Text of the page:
Jesus and the NumbersBlog / Produced by The High Calling
About a year ago, I got enmeshed in the controversy over the alleged "Jesus Family Tomb." This occupied the world's attention for about five minutes back in February 2008, when the Discovery Channel ran a documentary claiming that the tomb of Jesus had been found—complete with his mother, brother, wife, and son.
The documentary folks hired a statistician to run their numbers. They claimed that the odds were 600 to 1 that this was, in fact, the real tomb of Jesus. That's a probability of 99.84%, which would be pretty high if it were correct.
Most people took a quick look, yawned, and ignored it. The claim was, after all, awfully extreme, and those odds quoted were just too, too, too good to be true. And, um, since when did Jesus have a wife and son?
Because I have a Ph.D. in physics, I took a look and decided to investigate. I jiggled my network of contacts, talked to some archaeology people and some New Testament scholars and historians.
What I found were six problem areas in the calculations. In each case, the documentary people had taken the interpretation most favorable to the "Tomb Hypothesis." That's why they got 600 to 1 odds.
When I had all the data, I ran my own numbers. The answer you get depends on what decisions you make. What I found was that it's not easy to get a probability higher than about 2% that this is the real tomb of Jesus.
Of course, I published my results on my website, and that series of articles attracted quite a bit of attention around the world. A number of scholars emailed me or called to discuss those pesky numbers. A documentary producer sent out a camera man to interview me.
Ultimately, I was asked to referee the official publication by the documentary's statistician, Dr. Andrey Feuerverger. His article was published in the Annals of Applied Statistics, along with responses from eight referees. I included with my response a 29- page technical article explaining how to do the calculations.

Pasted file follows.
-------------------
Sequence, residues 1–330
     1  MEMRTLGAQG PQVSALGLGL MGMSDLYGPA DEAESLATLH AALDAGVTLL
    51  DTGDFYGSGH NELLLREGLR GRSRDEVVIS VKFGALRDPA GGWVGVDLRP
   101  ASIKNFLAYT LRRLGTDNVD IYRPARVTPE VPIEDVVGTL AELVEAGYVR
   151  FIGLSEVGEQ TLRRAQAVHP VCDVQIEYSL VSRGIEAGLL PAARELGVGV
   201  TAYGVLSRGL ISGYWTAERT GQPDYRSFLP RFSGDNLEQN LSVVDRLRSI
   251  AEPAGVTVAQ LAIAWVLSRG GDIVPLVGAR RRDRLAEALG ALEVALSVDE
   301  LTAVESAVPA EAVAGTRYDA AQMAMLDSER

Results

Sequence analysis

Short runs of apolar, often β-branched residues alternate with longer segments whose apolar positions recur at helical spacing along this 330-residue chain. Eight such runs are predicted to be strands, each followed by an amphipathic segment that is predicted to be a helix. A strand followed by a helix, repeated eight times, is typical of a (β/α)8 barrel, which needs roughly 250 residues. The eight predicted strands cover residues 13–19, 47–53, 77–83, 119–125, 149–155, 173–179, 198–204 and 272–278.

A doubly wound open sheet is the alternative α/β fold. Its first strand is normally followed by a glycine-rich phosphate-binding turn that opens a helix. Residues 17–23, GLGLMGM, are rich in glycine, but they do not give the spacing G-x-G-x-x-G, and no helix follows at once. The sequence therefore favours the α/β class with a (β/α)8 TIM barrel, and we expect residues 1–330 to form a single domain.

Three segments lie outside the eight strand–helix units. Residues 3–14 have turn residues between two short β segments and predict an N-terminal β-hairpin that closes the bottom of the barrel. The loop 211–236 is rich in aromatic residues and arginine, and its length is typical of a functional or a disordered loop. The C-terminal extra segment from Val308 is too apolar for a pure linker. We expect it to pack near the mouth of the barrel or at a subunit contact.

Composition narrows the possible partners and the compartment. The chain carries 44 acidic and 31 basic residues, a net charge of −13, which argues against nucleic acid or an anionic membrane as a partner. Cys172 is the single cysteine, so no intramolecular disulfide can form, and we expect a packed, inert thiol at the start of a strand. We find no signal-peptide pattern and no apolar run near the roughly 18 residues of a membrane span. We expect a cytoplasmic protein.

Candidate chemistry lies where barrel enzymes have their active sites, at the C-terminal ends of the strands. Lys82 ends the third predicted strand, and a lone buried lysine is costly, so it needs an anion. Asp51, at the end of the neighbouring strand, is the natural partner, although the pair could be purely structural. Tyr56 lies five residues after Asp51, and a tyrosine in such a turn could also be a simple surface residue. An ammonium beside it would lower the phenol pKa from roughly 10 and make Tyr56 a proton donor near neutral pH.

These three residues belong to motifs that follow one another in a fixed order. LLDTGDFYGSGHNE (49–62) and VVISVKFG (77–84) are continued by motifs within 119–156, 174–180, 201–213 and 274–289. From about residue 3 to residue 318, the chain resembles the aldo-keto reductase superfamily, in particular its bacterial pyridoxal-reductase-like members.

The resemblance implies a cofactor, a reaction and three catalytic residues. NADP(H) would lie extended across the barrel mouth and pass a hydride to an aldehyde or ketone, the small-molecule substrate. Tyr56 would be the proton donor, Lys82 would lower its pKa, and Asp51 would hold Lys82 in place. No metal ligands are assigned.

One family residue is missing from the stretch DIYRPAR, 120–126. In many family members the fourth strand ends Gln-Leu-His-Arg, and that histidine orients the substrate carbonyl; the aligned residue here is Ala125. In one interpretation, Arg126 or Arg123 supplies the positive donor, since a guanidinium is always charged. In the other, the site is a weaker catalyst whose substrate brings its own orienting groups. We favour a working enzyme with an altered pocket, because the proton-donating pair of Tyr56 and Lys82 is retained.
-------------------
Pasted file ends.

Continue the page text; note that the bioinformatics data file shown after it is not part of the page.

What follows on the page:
All of this, of course, has sucked enormous numbers of hours out of my life for the past year. One of my friends told me recently that he thinks what I did was "heroic."
I thought that was quite funny. The truth is that I didn't do all those calculations in order to "defend the faith."
As far as I can see, "the faith" is pretty durable and doesn't need any defending, least of all from a geek like me.
I didn't spend all those hours calculating in order to "rescue Jesus." I did it because I wanted to know the truth. I wanted to know what the real odds were of that tomb being authentic.
I did the calculations because nobody else who knew how to do them seemed to want to. Conversely, nobody who wanted to do them seemed to know how.
A lot of Christians have thanked me for "proving the tomb wrong," which is not exactly what I did, because a probability calculation is not a proof.
I wonder if they'd have thanked me if the numbers had come out higher? What if I'd shown that the odds really were 600 to 1? I don't think anybody would have called me a "hero" for that. I'd have gotten a ton of hate mail instead.
But if those are the numbers I got, that's what I'd have published. That would be the only honest thing to do.
Is that heroic? Or is it just being faithful in your work?
Is it possible—just possible—that those are the same thing?
Editor’s Note: You can read more detailed analysis from Randy Ingermanson on his blog. Or check out his newsletter about fiction writing—the largest of its kind in the world. No kidding.
Randy earned a Ph.D. in physics at U.C. Berkeley and is the award-winning author of six novels and one nonfiction book. He writes about "The Intersection of Science Avenue and Faith Boulevard."